However, with the arrival of sharing economy services in Vietnam such as Uber, GrabTaxi, EasyTaxi, they introduce more accountability, systems efficiencies, and feedback loops to allow service enhancements in the future. Or, as Uber Vietnam put it recently, “less congestion, more job opportunities, safer transportation, transparency, accountability and affordability for riders.” Could a similar impact be made in Vietnamese companies via new and innovative technologies (such as mobile apps)? If so, how would progress be measured?

Set Ways

For a team-building session at a major Vietnamese corporation, the management team watches a new TED talk every Monday. The company’s managing director shares some thoughts on the presentation and then opens it up to the rest of the office; almost always, the response is silence. Why?

After discussion with some foreigners who have experience working with Vietnamese—as well as Vietnamese, there may be a variety of reasons for the lack of engagement:

1. Afraid of giving the wrong answer and losing face;

2. Afraid of not giving the “right” answer and being embarrassed by his/her superior;

3. Afraid of giving the correct answer and looking “too” good in front of colleagues (thus painting a bullseye on his/her back); and

4. Not knowing the answer.

This scene presents a sort of “crisis of confidence.” Often, loyalty is valued over competency, making the critical resource of talent in even greater short of supply. And despite money being the ultimate objective for many Vietnamese workers, even bonus systems can sometimes fail. For example, in one Vietnamese company, the underdog team achieved a bonus (approximately $15 for hitting 120% of their target goal) which upset the atmosphere in the office since other units were expecting to win the cash bonus.

Whether it’s a rating system, or a new way to train workers, or standard training, many plans are tough to fully implement in Vietnam. For example, even a new trainer in a reputable gym requires six months before s/he is “good” and a year before s/he can handle any disruption. Long before then, competitors are offering “sweet” packages because the trainer has had a “brand experience.” The same goes for some of Vietnam’s own cafe/restaurant brands; this phenomenon isn’t new—ask any aspiring software developer in Vietnam, especially in the gaming industry. Training and retaining quality employees can be hard (especially when some Vietnamese companies want experienced workers for low pay), but the alternative is keeping the status quo.

Focused Efforts

The greater issue beyond motivating individual employees is that organizations need to establish a baseline pulse to gauge progress in six, 12, 18, 24 months. For example, what KPIs will be used? What will be your targets? How to increase the self-confidence of the workers? How to smartly increase pay to be on par with market rates (and inflation)?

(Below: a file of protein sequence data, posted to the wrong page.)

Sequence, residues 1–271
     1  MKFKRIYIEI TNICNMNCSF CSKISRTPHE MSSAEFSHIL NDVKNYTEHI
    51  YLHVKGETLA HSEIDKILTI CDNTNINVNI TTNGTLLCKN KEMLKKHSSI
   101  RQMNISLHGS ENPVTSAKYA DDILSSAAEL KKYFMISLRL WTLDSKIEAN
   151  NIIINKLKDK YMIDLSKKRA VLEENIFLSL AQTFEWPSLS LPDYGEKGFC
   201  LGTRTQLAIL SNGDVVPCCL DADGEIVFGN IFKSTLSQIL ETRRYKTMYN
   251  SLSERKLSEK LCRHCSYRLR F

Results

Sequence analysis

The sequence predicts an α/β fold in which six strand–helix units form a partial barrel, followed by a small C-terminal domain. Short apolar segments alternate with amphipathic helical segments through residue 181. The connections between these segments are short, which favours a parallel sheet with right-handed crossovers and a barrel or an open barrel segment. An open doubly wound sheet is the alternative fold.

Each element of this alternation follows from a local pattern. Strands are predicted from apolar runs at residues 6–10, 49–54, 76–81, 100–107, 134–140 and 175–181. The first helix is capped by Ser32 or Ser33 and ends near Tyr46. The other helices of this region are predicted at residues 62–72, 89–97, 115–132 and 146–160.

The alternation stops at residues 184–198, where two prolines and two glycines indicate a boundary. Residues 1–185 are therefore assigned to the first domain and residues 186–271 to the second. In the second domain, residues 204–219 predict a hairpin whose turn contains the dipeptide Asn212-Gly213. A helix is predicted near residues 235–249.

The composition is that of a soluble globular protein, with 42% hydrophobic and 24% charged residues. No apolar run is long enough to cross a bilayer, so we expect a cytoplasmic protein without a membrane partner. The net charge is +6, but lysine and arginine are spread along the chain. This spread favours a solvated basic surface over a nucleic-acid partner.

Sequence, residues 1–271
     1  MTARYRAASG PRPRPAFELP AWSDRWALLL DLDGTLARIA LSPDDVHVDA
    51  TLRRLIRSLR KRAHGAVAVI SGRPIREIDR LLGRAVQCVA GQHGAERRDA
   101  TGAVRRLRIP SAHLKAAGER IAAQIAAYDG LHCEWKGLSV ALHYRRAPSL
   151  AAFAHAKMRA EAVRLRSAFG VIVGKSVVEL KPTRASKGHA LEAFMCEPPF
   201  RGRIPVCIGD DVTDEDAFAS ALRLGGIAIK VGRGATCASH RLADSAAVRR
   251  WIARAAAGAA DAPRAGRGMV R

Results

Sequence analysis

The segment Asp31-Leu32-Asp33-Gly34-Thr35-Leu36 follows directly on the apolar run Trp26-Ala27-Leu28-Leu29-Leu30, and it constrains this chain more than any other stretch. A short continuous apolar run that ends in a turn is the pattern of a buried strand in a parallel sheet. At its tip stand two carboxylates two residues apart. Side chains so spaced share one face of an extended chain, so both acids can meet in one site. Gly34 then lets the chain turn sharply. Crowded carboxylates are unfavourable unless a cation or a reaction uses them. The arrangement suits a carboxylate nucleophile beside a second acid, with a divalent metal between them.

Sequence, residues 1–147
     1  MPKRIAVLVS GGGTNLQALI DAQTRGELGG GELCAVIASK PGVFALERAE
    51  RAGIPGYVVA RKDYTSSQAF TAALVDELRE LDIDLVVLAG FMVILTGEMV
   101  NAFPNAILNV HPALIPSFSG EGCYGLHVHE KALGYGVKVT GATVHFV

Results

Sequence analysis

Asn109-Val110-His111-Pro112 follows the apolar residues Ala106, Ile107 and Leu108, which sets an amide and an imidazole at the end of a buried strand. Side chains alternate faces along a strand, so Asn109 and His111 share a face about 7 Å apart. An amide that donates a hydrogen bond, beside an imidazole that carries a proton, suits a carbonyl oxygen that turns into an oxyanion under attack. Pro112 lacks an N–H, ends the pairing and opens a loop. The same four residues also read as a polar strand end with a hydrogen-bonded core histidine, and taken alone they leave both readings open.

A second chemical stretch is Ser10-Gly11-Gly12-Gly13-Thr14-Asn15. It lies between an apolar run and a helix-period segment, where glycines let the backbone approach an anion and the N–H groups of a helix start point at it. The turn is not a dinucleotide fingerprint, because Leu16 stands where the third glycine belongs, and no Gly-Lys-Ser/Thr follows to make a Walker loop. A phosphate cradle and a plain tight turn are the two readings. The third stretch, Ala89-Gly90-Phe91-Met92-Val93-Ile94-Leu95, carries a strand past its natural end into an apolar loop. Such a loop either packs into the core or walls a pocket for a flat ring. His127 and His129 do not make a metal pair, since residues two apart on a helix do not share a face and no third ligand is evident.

Timeline: What’s the priority? How to identify current employees with the right mindset/attitude? What do you do first?

There can be a variety of initiatives:

  • Hiring process—establish an independent panel/screening to be selective—improving the way to hire
  • HR reorganization/operations—converging departments into a holistic unit
  • Branding/PR—attracting quality talent, connecting with consumers
  • Training programs—preparing the workforce for advancement in the company (meritocracy); promoting a culture of career advancement; and english tutoring components for managers
  • Intrapreneurship/empowerment of workers—expanding into new businesses and retaining the best talent
  • Welfare—raising morale, giving workers more than monetary reasons to stay

Unfortunately, some Vietnamese companies would prefer “quick fixes” which they would like to use within a three month timeline or sooner. Thus, even if core members of a leaderboard recognize that there is a deep cultural issue, they may not be able to do anything because of on-boarding policies and the need to close ranks (even if they describe some of the talent as “terrible.”)

More often than not, companies here can move too slowly, but on the other side of the spectrum they move too fast without thinking (but believe they are on the cutting edge). An example of this is retooling restaurants weeks before opening and consolidating marketing teams across different subsidiaries into a single unit–and then dismissing half the staff.

Creating a New Culture

The challenge is in the implementation, always. True transformation is never really an option unless it comes from the top and has buy-in at all levels, which is rarely the case. Why? Because Vietnamese companies are already very thrifty, there are set alliances in place, and any international hires on staff have usually been unable to implement recommendations that anyone has put forth to enact change.